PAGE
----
RV:  An infant, unable to understand the difference between right and wrong will without a doubt enter into Heaven if they died (heaven forbid) at their young age.

DS:  How do you know this?  This strikes me as a very presumptuous statement when God's Holy Word states that Adam's sin brought condemnation to all.  (Romans 5).  Your sentence makes it sound like it is only the individual sins of a person after reaching the age of accountability that could bring condemnation on their soul.

RV:  The child has to reach that understanding before they can be baptised,

DS:  Where is that in the Bible?  Old Testament children didn't have to reach this age before being allowed into the covenant family at circumcision.  The Bible shows that Baptism fulfills circumcision, which was offered on the eighth day of life.  The early church had arguments about infant baptism, but the argument wasn't whether to baptize infants or not.  The argument was:  why wait eight days?  How strong was the early church's belief in infant baptism, that this practice existed for centuries without every being questioned by a single Christian anywhere.

RV:  ...and not just sprinkled with water, but rather "burried", and "raised again" in Christ's likeness, fully submerged in water.

DS:  I'll leave aside the whole sprinkling vs. immersion debate for now.  Here, you are repeating the same false dichotomy that Pastor Carlo gets hung up on (baptism with water vs. being buried with Christ).  Please see my blog post to him that I linked to above (especially the latter half).  For Catholics, we are buried with Christ precisely when we are baptized, whether by sprinkling or immersion.  St. Paul himself says that we were "buried with Christ in baptism."  St. Paul locates being buried with Christ precisely at the moment that we are baptized.  In fact, according to St. Paul, it is through baptism that we are buried with him.  Baptist theology would tell me that I was buried with Christ when I accepted Christ as my Lord and Savior, and that absolutely nothing spiritual happens when I'm baptized, since this is only a symbol of what has already happened.  Not according to St. Paul!  Go back and read the Scriptures on this point again.  What is Paul really saying?  Are we buried with Christ in baptism, or are we buried with Christ before baptism, and baptism doesn't save us.  (Also reread 1 Peter 3:21 here.)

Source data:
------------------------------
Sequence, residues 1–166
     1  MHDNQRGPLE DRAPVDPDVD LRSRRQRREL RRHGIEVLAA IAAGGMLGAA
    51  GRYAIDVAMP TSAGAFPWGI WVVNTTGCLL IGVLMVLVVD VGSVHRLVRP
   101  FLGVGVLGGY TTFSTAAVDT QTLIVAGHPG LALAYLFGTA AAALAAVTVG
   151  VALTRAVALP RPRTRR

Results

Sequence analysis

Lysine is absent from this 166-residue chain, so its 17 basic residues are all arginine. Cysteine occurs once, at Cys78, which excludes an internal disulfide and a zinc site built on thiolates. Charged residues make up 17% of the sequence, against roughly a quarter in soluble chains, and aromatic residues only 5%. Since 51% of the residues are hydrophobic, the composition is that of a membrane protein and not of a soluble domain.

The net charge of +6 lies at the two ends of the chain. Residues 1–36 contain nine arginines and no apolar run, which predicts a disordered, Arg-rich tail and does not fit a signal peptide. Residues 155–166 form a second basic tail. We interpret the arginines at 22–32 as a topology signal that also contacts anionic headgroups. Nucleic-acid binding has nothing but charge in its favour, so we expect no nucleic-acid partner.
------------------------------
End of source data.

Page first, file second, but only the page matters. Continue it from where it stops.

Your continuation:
RV:  The dedication of a child unto God is an act of offering your child up to God so that they might grow up wanting to serve Him and follow His will. Since that child is free to choose wheather or not they want to follow God when they reach their age of accountability, which is different for each child, the parents are prayed for as well, so that they might have the knowledge and understanding to raise their child in the way of the Lord, not the way of the world.

DS:  All this is very good to do, and we do it as Catholics as well.  I dedicate my children to God constantly, but this is fundamentally a different thing from when God regenerates my child.  I can dedicate my baby.  Only God can regenerate my baby, which he does through the Sacrament of Baptism.

RV:  Baptising an infant is pointless since the child can not understand the choice to follow God or not.

DS:  And here, we get to the crux of the issue.  Do you see how your theology of baptism is ultimately dependent on man's works, man's abilities, man's agency, man's "choice to follow God," etc.?  For Catholics, our salvation is dependent entirely on God's action.  God can regenerate a person even if that person is not yet able to consciously choose God for themselves.  Go back and read all of those parables where people call out to Jesus for healing for someone who is not present or able to ask for themselves.  Does Jesus say: "no, the person must ask me personally before I will heal them physically or spiritually"?  Of course not!  Rather, he often says, "no where in Israel have I seen such great faith."  So, do you think that when I bring my children, born dead in original sin, to Jesus to be regenerated, trusting completely in his infinite grace and mercy, that he will say: "no, I'm going to let your children grow in a state of sin until they can personally ask me to save them"?

RV:  Dedicating a child unto God is an act of faith, it says, "here, Lord, take my child and mold him (or her) into the way you would have him (or her) be." Since the parents are responsible for the child and the child will learn from them, it only makes sense that the pastor would pray over them too while dedicating the child.